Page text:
Posted December 21, 2018 5:49 pm Comments Off on December 21, 2018 – Vayechi

We conclude our yearly reading of the Book of Genesis with the parashah named Vayechi (Meaning: “He lived”). Just as in the case of the section called “Chayei-Sarah (Sarah’s Life) that tells of Sarah’s death, so too does this week’s parashah ironically called “He lived” speaks about Jacob’s death.

You will find this portion in Genesis chapter 47:28 –  50:24.  The section is a summary of the Joseph stories, and also in a some sense, it functions as a summary of for the entire Book of Genesis.

Called “Vayechi” meaning “he lived” the parashah deals with Jacob’s death, the blessings of his (Jacob’s) sons and grandson’s (Joseph’s sons), the mourning period for Jacob, the reconciliation between Joseph and his brothers, and finally the death of Joseph.”

Genesis ends as it began.  It is a book of wanderings. From Adam and Eve’s expulsion from Eden through Abraham’s journey to the land of Israel to Joseph’s death in a foreign land, the theme of wandering, both physical and psychological, is an ever-present constant. Genesis’ often unstated but always present, leitmotif is: how do we find order in a chaotic world?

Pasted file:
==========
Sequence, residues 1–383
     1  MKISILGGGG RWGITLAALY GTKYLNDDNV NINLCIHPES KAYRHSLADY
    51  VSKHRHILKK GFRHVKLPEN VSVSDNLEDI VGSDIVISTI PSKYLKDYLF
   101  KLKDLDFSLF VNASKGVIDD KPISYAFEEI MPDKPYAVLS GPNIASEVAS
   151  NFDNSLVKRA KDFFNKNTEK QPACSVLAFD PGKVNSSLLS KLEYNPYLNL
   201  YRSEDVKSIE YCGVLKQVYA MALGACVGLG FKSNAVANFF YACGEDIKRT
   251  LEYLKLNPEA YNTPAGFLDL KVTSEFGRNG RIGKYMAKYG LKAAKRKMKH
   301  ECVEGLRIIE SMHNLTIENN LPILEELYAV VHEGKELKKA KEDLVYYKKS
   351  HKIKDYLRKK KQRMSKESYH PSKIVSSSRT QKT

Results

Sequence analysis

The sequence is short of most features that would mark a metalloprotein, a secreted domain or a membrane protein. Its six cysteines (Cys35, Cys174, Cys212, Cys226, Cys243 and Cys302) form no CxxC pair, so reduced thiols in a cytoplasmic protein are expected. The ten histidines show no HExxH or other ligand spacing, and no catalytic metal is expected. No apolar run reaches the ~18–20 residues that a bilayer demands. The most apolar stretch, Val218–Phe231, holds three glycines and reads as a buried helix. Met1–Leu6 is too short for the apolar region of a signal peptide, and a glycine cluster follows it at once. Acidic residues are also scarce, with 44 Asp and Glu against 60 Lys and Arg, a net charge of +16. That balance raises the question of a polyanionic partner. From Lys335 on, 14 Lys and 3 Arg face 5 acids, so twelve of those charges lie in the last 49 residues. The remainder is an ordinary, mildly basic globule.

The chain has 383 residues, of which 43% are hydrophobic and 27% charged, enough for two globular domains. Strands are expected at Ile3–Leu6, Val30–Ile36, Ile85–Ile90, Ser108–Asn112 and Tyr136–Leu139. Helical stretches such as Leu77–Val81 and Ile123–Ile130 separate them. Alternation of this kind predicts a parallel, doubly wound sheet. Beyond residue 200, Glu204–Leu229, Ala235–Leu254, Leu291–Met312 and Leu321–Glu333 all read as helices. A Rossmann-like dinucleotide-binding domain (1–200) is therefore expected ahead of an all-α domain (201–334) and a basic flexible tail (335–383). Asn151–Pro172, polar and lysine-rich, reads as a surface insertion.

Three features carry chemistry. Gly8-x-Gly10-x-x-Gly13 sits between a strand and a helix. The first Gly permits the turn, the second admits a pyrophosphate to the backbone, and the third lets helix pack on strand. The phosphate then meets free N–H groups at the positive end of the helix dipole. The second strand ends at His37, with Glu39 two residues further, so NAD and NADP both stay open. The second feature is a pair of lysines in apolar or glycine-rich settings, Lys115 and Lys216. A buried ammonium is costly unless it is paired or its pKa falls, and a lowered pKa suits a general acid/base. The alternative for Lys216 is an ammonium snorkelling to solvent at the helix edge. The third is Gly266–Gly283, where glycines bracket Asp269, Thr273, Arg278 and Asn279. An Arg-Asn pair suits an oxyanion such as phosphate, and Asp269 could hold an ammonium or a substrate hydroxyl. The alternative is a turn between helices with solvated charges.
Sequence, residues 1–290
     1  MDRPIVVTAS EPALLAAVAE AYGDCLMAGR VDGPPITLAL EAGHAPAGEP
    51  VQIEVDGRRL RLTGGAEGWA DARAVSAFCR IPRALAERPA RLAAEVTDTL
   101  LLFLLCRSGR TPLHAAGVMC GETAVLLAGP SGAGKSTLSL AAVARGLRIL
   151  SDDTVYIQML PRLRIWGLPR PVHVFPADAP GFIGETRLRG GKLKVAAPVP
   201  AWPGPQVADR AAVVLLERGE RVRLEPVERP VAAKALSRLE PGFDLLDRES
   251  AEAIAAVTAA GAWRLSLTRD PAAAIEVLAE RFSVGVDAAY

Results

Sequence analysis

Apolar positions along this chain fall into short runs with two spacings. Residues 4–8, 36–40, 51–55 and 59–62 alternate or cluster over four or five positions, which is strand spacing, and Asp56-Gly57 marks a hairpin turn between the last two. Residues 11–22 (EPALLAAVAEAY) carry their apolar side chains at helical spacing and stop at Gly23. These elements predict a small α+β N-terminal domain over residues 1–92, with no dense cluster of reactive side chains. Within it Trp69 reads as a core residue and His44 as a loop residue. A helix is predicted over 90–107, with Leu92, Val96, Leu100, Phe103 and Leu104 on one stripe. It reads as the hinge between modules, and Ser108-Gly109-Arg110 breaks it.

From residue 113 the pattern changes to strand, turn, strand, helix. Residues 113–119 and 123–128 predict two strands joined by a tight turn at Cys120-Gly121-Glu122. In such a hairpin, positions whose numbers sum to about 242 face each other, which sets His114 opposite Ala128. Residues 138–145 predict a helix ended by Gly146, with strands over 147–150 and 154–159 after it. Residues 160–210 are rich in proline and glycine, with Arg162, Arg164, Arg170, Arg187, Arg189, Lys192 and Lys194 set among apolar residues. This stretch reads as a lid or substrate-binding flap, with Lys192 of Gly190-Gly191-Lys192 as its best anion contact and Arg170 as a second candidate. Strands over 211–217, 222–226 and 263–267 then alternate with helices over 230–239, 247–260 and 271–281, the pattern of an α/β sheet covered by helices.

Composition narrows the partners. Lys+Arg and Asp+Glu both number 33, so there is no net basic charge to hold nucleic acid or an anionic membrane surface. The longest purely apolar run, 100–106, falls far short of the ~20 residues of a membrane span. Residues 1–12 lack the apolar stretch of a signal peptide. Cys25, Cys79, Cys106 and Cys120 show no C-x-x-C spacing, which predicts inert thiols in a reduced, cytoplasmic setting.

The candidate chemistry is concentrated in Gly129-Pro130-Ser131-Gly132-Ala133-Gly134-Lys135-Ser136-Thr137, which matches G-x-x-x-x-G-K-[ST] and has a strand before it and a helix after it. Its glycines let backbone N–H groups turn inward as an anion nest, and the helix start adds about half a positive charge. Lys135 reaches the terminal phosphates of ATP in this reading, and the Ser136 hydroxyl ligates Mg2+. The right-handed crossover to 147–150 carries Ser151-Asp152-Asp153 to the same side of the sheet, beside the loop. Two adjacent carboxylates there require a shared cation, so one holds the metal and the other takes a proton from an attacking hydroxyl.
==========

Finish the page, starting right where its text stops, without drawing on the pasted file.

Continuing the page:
Genesis is a realistic book open to a myriad of interpretations.  One possible interpretation of the book is the notion that to live creatively is to realize, that life is a dynamic process always pushing us ahead.

This first book of Hebrew Scripture teaches us that for actions produce reactions, and to be alive is to struggle and to grow. Life’s successes come from our desire to push forward, never to be satisfied with our accomplishments but rather always to strive for more. Truly to be alive is to do no less.

Genesis argues that creation and creativity come from the depths of “tohu va’vohu” (total chaos).  The book suggests that one way to understand the force that is G’d is by understanding the divine principle of: “reverse entropy.”   Genesis teaches us that G-d is able to take the chaos that is life and create order from it.

The book then ends with the same question that it began: Are we so satisfied with our lot that we are afraid to move forward?   How do we take the chaos out of our lives and turn that chaos into creative order?  What do you do?


Youtubes of the week:

Jewish life in Brazil: Three Videos about the history of Jewish life in Brazil.